Saturday, September 22, 4PM
With Not My Idea, Anastasia addresses a difficult topic directly and compassionately, providing white families and children with a jumping-off point for much-needed discussion.
Anastasia Higginbotham is the author and illustrator of Divorce Is the Worst, Death Is Stupid, and Tell Me About Sex, Grandma—all part of the Ordinary Terrible Things series. She lives in Brooklyn.
“Racism was not your idea. You don’t need to defend it.”
A white child sees a TV news report of a white police officer shooting and killing a black man. “In our family, we don’t see color,” his mother says, but he sees the colors plain enough. An afternoon in the library’s history stacks uncover the truth of white supremacy in America. Racism was not his idea and he refuses to defend it.
"A much-needed title that provides a strong foundation for critical discussions of white people and racism, particularly for young audiences. Recommended for all collections.
–Ashleigh Williams, School Library Journal, starred review
"A necessary children's book about whiteness, white supremacy, and resistance. Important, accessible, needed." —Kirkus
"Anastasia Higginbotham knows something that far too many of us have forgotten: Children are smart. Children are observant. Children understand fairness and justice. and they have an immense capacity for engaging with the "difficult" topics that we grown-ups too often try to avoid. I am in love with Not My Idea, and with Higginbotham's direct, radical, compassionate approach to talking about whiteness, racism, and the need to tell painful but important truths. As a white parent working to raise conscious, loving, anti-racist humans, I cannot wait to share it with my kids."
—Kate Schatz, NYT-bestselling author of Rad American Women A-Z, Rad Women Worldwide, and Rad Girls Can
Patiently forthcoming with lessons your parents redacted, this necessary conversation stresses consent, sex positivity, and the right to be curious about your body. The dialogue focuses on the dynamics of sex, rather than the mechanics, as Grandma reminds readers that sex is not marriage or reproduction, and doesn’t look the same for everyone. Instead, each person’s sexuality is their very own to discover, explore, and share if they choose.
"Remarkable. . . . If I were independently wealthy, I’d buy a small plane, fly across the country, and drop off copies of this book to every elementary-school health and sex educator out there." —Julie Danielson, Kirkus
"A refreshing, positive response to a child’s questions about sex. . . . Above all, the author emphasizes that people have the right to make their own choices about sex, now and always." —School Library Journal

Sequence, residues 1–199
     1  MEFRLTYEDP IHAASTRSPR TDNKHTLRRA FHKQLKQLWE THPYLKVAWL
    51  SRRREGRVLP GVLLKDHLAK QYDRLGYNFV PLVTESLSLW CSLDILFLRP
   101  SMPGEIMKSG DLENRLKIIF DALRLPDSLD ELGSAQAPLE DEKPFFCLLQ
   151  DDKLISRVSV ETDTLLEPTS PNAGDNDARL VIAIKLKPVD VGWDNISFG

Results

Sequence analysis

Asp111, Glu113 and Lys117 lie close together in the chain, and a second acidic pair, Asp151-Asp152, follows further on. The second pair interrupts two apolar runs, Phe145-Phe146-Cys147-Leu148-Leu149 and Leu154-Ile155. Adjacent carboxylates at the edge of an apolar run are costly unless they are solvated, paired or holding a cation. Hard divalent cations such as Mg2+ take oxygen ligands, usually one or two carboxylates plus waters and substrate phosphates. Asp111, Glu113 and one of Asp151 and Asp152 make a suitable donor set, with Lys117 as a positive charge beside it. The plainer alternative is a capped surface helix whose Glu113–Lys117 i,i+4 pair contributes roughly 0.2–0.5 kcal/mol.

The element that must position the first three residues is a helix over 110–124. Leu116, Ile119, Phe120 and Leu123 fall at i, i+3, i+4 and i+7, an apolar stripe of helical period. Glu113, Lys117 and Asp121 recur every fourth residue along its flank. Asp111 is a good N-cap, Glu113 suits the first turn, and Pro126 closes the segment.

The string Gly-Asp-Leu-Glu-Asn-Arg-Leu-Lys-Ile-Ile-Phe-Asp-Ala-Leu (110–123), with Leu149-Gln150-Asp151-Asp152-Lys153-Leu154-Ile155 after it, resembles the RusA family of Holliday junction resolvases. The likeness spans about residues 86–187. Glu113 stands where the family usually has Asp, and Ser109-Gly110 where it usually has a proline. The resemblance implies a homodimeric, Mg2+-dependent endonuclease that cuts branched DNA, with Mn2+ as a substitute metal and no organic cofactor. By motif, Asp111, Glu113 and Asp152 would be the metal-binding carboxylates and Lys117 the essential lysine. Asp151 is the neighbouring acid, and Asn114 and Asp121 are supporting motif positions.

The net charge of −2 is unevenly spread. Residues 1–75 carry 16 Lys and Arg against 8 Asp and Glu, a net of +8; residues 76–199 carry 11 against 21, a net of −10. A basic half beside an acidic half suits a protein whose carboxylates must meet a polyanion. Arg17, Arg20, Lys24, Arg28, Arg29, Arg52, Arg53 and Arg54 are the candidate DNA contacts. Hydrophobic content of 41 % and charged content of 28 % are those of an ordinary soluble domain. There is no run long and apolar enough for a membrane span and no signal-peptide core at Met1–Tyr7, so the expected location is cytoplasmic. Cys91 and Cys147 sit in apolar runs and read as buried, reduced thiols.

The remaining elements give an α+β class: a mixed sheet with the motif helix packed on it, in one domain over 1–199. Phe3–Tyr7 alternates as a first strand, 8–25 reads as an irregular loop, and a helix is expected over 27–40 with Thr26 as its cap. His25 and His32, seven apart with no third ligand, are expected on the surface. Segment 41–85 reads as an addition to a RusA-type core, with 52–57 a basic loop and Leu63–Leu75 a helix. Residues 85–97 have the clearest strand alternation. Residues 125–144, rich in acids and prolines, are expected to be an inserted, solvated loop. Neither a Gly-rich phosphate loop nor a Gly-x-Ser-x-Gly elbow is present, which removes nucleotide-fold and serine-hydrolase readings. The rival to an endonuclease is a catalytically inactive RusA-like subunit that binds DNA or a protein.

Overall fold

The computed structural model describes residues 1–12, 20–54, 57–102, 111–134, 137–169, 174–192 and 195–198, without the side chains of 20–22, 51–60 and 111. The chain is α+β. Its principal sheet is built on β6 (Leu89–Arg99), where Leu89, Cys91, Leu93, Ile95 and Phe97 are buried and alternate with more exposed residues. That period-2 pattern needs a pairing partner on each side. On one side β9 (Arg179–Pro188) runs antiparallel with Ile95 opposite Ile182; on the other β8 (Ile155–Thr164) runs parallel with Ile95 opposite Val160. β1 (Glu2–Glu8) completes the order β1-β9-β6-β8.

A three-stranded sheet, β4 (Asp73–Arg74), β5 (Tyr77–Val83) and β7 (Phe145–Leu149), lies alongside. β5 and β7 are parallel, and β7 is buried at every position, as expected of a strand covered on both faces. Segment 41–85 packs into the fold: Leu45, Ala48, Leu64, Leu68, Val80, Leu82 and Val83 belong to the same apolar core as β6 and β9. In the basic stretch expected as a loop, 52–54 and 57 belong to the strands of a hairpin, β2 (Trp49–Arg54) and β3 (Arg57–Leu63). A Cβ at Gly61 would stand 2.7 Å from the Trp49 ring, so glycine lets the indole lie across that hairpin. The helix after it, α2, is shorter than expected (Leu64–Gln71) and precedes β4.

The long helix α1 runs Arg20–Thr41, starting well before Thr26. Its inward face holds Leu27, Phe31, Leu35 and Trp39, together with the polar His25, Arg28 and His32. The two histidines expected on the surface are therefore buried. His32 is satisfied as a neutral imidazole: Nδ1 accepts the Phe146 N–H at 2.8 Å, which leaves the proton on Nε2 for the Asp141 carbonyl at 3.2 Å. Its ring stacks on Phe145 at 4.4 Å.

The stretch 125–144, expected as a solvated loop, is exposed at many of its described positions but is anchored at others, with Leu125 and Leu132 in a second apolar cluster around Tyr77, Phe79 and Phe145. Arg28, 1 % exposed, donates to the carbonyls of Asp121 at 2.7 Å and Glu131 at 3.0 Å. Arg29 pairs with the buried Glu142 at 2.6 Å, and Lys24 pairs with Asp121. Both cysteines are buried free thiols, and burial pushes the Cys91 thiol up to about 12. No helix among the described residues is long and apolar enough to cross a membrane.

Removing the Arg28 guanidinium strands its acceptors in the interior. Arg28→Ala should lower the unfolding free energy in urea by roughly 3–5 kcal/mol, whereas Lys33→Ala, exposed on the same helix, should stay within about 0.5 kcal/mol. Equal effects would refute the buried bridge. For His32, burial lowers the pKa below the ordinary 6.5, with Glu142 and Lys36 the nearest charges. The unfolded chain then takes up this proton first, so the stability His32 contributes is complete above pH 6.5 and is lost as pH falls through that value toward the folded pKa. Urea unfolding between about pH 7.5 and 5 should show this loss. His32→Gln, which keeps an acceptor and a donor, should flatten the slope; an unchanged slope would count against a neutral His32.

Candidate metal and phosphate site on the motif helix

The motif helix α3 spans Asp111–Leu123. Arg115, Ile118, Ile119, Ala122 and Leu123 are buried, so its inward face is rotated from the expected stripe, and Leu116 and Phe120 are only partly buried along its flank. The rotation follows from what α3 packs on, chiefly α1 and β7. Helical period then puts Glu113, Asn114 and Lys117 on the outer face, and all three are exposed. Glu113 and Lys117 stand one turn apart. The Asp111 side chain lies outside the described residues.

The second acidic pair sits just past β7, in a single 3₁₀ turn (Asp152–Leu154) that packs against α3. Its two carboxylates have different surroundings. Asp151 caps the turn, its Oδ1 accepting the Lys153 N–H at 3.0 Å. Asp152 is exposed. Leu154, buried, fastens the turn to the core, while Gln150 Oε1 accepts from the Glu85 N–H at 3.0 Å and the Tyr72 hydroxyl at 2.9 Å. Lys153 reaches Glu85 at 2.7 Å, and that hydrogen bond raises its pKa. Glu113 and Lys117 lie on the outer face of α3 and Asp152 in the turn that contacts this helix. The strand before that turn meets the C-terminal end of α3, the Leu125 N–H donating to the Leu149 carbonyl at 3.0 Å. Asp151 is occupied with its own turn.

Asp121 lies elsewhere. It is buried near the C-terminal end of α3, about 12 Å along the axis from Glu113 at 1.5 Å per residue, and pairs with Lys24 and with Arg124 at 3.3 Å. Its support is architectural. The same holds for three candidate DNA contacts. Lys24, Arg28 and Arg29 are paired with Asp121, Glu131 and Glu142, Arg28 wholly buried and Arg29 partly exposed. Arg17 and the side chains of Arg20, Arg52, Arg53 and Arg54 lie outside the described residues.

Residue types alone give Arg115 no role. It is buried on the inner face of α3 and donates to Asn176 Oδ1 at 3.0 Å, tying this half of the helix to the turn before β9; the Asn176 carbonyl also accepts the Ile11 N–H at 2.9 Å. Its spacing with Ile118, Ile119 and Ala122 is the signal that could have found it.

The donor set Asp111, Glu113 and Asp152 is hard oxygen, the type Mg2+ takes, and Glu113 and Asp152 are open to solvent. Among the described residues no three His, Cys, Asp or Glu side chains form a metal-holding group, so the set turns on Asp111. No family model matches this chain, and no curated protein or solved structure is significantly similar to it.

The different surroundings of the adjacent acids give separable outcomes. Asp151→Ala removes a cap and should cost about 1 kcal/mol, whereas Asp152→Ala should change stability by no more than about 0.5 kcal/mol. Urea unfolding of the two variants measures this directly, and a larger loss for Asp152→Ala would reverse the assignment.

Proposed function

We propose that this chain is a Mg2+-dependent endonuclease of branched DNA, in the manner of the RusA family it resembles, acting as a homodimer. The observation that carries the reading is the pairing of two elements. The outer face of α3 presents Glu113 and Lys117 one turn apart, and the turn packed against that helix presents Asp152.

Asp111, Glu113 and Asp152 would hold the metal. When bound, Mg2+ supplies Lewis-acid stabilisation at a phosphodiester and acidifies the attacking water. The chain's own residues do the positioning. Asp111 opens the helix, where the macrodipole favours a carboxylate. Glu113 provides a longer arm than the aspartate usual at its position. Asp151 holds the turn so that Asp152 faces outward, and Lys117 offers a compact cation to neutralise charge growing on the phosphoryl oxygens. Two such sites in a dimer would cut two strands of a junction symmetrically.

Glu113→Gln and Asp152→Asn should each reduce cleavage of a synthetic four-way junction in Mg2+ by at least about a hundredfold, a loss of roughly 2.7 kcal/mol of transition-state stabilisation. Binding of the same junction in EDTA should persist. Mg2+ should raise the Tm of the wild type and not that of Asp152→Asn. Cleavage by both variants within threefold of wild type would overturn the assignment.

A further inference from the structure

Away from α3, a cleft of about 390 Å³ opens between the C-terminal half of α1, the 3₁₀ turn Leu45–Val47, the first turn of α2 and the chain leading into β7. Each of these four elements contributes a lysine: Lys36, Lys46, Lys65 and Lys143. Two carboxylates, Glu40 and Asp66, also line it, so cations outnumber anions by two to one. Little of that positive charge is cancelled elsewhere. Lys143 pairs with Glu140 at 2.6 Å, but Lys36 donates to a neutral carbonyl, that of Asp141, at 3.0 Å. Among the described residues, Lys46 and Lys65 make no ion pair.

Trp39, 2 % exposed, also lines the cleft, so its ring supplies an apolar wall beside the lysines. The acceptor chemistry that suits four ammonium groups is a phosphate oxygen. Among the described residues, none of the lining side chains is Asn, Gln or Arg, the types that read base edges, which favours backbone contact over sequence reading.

"She's in a better place now," adults say again and again. But mortality doesn't seem better, it seems stupid. This forthright exploration of grief and mourning recognizes the anger, confusion, and fear that we feel about death. Necessary, beautiful, and ultimately reassuring, Death Is Stupid is an invaluable tool for discussing death, but also the possibilities for celebrating life and love.
"A perfect antidote to all those gentle and fanciful introductions to the toughest and least whimsical of topics . . . If your child craves directness . . . [then] this smart, sensitive book is just the thing." —Chicago Tribune
"Wow, and thank God for this book. What an incredible gift this book will be for countless children. Having it fifty-plus years ago would have been a kind of salvation for me and would have helped me grow into a healthier and infinitely less frightened person." —Anne Lamott, author of Grace (Eventually)
"It's [an] exact mix of true-to-life humor and unflinching honesty that makes Higginbotham’s book work so well, and many of the plainspoken sentiments she includes, as well as several included ideas for how to remember and honor those who have departed, may be eye-opening for readers facing grief themselves." —Publishers Weekly (starred review)
Kids are told, "it's for the best"—and one day, it may be. But right now, divorce is the worst. With honesty and humor, Anastasia Higginbotham beautifully conveys the challenge of staying whole when your entire world, and the people in it, split apart. Exceptional in its child-centered portrayal, Divorce Is the Worst is an invaluable tool for families, therapeutic professionals, and divorce mediators struggling to address this common and complex experience.
Divorce Is the Worst is the first book in a series of feminist children's books, Ordinary Terrible Things, which deals with common childhood crises and how children themselves find their own way to cope and grow.
"The illustrations deliver a substantial emotional impact . . . But it’s Higginbotham’s directness and refusal to talk down to her audience that will make this book such an asset to families negotiating divorce." —Publishers Weekly